Editor’s Note: This article appeared in T-Boy two years ago, and also in three part series in the Tico Times, Costa Rica’s leading publication. It serves as a reminder that once the airways are clear again, it will be one of the first destinations I’ll revisit. It’s a nation of stunning land and seascapes, coffee plantations and jungles, national parks and biodiversity – but most of all my return will be to reconnect with the gentile and gracious people of Costa Rica.
Pura Vida in Costa Rica
I’ve been reveling in the warmth of my recent trip to Costa Rica, and not just because of the heat and humidity. This alluring Central American nation of five million Ticos (citizens), roughly the size of West Virginia, consists of just 0.03% of the earth’s landmass, but is home to 5% of its biodiversity. My checklist included hiking misty rain and cloud forests, strolling pristine beaches, witnessing an active volcano, touring a coffee plantation and experiencing unique plant and wildlife – which included my first encounters with a viper and boa constrictor. Yes, there were some bad dreams that night.
Because Costa Rica is located between 8 and 12 degrees north of the Equator, the climate is tropical year round. However, the country has many microclimates depending on elevation, rainfall, topography and by the geography of each particular region. Statistics tell us that Costa Rica has a bounty of 230 mammal species, 890 bird species, 220 reptile species, 35,000 insect species and 9,000 plant species. Virtually half the nation consists of national parks and nature and wildlife reserves. The best time to go to national parks is in the early morning. A guide is necessary to point out important sightings. Upon preparation for your Costa Rican journey, you will undoubtedly see numerous guide books with colorful photos of wildlife. You will be lucky if you manage to see a few. The rainforests and cloud forests are not a zoo, and the animals are on their own time table.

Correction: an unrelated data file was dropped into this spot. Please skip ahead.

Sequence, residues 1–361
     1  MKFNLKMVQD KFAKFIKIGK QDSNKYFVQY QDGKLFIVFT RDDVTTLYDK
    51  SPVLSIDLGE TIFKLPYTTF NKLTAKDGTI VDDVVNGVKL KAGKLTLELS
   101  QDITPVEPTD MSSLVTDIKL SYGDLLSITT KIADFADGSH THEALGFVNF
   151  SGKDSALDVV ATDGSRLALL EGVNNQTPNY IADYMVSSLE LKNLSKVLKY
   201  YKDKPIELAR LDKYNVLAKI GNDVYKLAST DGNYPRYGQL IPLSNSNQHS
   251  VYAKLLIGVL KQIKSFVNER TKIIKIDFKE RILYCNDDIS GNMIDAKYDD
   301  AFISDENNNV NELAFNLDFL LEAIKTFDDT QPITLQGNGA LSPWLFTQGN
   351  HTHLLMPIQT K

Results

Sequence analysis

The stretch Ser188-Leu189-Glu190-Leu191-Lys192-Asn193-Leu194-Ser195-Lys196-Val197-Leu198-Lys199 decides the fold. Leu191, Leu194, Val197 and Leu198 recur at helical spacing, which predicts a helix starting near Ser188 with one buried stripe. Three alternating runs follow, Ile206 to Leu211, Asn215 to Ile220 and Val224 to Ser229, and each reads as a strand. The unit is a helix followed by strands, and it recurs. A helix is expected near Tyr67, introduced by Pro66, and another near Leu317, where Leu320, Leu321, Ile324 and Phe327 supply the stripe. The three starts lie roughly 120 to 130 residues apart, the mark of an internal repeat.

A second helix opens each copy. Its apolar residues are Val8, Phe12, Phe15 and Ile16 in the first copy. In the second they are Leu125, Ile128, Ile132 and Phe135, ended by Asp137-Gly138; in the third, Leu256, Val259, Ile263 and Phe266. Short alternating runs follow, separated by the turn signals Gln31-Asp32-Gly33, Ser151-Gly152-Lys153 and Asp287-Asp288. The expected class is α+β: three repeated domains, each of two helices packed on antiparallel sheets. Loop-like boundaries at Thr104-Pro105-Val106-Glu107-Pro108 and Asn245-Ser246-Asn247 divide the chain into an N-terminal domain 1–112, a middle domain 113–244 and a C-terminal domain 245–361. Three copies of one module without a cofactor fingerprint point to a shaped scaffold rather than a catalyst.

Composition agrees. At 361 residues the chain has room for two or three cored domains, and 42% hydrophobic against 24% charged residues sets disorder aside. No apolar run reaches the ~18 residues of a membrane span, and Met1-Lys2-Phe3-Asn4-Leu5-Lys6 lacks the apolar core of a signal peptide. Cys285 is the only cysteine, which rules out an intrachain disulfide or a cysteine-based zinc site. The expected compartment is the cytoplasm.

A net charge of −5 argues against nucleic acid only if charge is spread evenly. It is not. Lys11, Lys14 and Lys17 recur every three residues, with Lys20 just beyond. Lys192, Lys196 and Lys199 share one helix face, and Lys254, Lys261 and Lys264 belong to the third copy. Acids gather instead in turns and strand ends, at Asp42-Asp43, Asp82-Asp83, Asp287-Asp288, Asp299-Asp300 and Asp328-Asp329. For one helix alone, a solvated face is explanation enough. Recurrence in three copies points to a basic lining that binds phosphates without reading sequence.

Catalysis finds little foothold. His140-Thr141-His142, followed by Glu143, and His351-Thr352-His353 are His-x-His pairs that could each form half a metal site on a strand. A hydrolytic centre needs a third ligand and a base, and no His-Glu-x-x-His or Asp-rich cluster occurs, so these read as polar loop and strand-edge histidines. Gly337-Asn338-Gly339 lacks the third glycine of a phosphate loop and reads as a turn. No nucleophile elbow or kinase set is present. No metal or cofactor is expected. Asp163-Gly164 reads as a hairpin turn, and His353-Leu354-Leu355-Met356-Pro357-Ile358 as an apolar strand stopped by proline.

For example, the only time I actually spotted a toucan was outside my cabin in the midst of my own private tropical rain forest, right under the Arenal Volcano. The primary colors of the toucan’s feathers, along with its yellowish orange beak, were so mesmerizing that it almost looked like a painting by Paul Gauguin. As was the active 5,357-foot volcano, which was in view every time I looked out my window. In 1968 the Arenal Volcano violently erupted, burying almost six sq. miles under rocks, lava and ash; eventually killing 87 people and destroying three small villages. Smaller eruptions continued through 1998. A specialist from the Costa Rica Volcanic and Seismic Observatory explained that the eruptions are nothing unusual for the volcano. As a normal precaution, authorities declare a red alert, close nearby roads and evacuate people (mostly tourists) from the immediate area. I made a point of giving the specialist my cell phone number. For the complete celestial experience you can relax in one of Arenal’s many natural hot springs, surrounding the volcano’s base. At night, it’s just you and the stars above.
But, above all, it was the gentle charm and hospitality of the Ticos themselves which affected me the most. They seem to have graciousness in their DNA. Costa Rica has literacy and life expectancy rates higher than the US, and with no standing army. The former military budget is dedicated to providing health care services and education. This has resulted in a nationwide cultural phenomenon where Ticos are uncomfortable with any form of personal aggression or confrontation. The motto, Pura Vida! (‘Pure Life’), is an expression used in various contexts, reflecting the Tico’s philosophy of a simple life, free of stress and a positive, relaxed feeling. It can be used as everything from “hello” or “awesome” to “all is well?” I vividly recall a woman running over to assist my photographer who was struggling with changing her shoes on the beach. Asking for directions always ended in a handshake, and wait staff employees at sodas (little cafés) were happy to share their personal narrative when ordering a meal.